K-State Research and Extension News
Advice on tree care issues, tree selection and planting, and upcoming events and publications from the Kansas Forest Service.
 
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Tree Tales
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- 6/26/2015
Did you know by just having a tree close to your house you could save energy? K-State forester Charlie Barden talks about the cooling effect of trees and where to place them to create the greatest energy efficiency.

Wet weather typically provides good growing conditions for trees, but the extended cloudy, wet conditions may also cause fungal diseases to grow. K-State forester Charlie Barden explains how to look for, and deal with, these fungal diseases. 

Even though most of Kansas has had a large amount of rainfall, landscape trees will still need to watched and managed carefully. K-State forester Charlie Barden gives examples on how to water your trees and shrubs that might have suffered from early flooding, followed by summer stress.                                                           
 

On this week’s edition, K-State forester Bob Atchison talks about the 2015 Walnut Council Field Day that takes place on June 10th in Atchison, Kansas. Guests will participate in several activities, including taking a walk through a black walnut plantation, visiting the American Walnut company’s mill, and more.

Many areas near Kansas rivers and streams could benefit from a buffer strip…that is, a tree planting that will help secure the soil in that area and protect water quality.  This week, watershed forester Mitch Lundeen of the Kansas Forest Service talks about a special program that can provide financial and technical support for landowners wanting to establish buffer strips. 

The summer camping season is fast approaching.  And K-State forest health specialist Ryan Armbrust is strongly encouraging people to avoid transporting firewood over long distances as they go camping.  That is one of the primary ways that a host of serious tree insect problems are spreading in the United States…several of which threaten Kansas tree resources.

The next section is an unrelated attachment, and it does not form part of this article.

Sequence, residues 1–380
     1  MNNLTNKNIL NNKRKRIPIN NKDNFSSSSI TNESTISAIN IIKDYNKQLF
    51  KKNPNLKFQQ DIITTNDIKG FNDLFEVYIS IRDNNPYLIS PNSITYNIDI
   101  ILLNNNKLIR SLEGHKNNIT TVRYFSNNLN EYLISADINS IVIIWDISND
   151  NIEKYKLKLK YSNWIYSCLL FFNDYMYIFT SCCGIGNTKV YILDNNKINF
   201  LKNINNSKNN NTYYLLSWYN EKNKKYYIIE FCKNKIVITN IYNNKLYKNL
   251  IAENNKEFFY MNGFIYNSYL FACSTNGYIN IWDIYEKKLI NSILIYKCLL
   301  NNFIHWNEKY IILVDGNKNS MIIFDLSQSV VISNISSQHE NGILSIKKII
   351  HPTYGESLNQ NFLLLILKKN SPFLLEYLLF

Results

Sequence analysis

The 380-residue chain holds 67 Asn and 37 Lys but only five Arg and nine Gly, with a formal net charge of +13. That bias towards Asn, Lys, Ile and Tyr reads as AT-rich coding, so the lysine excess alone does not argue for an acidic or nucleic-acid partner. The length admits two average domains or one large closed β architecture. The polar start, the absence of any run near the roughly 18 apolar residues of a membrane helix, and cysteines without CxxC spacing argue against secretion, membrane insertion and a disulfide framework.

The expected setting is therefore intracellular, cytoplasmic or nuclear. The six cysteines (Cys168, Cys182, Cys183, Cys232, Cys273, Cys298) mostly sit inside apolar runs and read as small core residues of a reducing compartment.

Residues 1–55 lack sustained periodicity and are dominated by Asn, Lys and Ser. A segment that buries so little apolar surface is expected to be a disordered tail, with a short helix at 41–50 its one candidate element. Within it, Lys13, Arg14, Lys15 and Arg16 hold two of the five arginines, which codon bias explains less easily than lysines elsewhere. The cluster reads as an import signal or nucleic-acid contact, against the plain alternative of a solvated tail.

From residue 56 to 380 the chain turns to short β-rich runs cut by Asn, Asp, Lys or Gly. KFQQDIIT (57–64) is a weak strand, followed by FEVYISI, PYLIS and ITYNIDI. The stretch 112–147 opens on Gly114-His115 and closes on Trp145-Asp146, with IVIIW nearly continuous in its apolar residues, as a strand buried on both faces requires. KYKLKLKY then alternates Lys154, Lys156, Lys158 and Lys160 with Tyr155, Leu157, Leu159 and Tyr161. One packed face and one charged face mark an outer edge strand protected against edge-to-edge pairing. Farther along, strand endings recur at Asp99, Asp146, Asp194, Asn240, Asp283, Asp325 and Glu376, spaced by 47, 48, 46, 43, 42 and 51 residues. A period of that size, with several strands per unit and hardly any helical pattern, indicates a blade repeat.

The Kansas Forest Service at K-State will co-host the 2015 Kansas Agro-forestry Workshop in Topeka on May 20-21.  This two-day educational event will offer science-based land management information to all interested farmers, ranchers, and industry professionals. K-State forester Bob Atchison says forestry experts from several backgrounds will be presenting these sessions.

Pine wilt disease has taken out thousands of conservation pine trees in Kansas in recent years.  Unfortunately, there’s no antidote for this disease, so those who lose pines need to think in terms of other tree types as replacements.  K-State forest health specialist Ryan Armbrust discusses that this week.

- 4/24/2015
The middle part of spring is when a highly-visible disease called cedar apple rust shows up on cedar trees.  And it can spread to apple, crabapple and hawthorn trees likewise.  Unsightly as the rust galls can be, they’re don’t harm the cedars.  However, the disease can be damaging to those other trees mentioned.  K-State forest health specialist Ryan Armbrust talks about preventing that from happening.

- 4/17/2015
Research from years past indicated that windbreaks that protect crop fields not only curb soil erosion…they can actually enhance crop yields.  K-State forester Charlie Barden intends to update that research via a new regional project, and he’s looking for farmers who would like to take part.  He talks more about the objective of this new study.